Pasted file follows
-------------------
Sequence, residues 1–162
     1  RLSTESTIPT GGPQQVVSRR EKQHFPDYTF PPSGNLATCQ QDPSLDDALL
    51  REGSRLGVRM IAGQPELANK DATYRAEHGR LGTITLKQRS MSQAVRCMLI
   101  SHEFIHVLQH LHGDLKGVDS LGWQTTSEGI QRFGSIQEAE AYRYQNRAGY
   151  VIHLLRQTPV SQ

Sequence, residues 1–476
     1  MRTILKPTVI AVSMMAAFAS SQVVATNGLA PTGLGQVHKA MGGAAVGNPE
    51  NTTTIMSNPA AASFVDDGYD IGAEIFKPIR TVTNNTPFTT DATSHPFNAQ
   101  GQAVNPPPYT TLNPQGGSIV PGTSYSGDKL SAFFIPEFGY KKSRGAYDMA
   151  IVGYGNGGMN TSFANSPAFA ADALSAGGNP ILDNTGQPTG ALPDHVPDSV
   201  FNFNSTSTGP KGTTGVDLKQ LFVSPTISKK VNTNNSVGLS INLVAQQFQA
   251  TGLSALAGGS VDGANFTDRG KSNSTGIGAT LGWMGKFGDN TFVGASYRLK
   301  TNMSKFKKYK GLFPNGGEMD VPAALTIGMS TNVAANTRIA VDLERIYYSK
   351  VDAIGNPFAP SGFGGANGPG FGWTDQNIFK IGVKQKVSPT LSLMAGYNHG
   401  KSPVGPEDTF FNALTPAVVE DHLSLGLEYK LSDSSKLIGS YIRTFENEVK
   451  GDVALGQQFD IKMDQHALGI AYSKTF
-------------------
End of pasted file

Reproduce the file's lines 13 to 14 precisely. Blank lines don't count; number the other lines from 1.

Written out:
   301  TNMSKFKKYK GLFPNGGEMD VPAALTIGMS TNVAANTRIA VDLERIYYSK
   351  VDAIGNPFAP SGFGGANGPG FGWTDQNIFK IGVKQKVSPT LSLMAGYNHG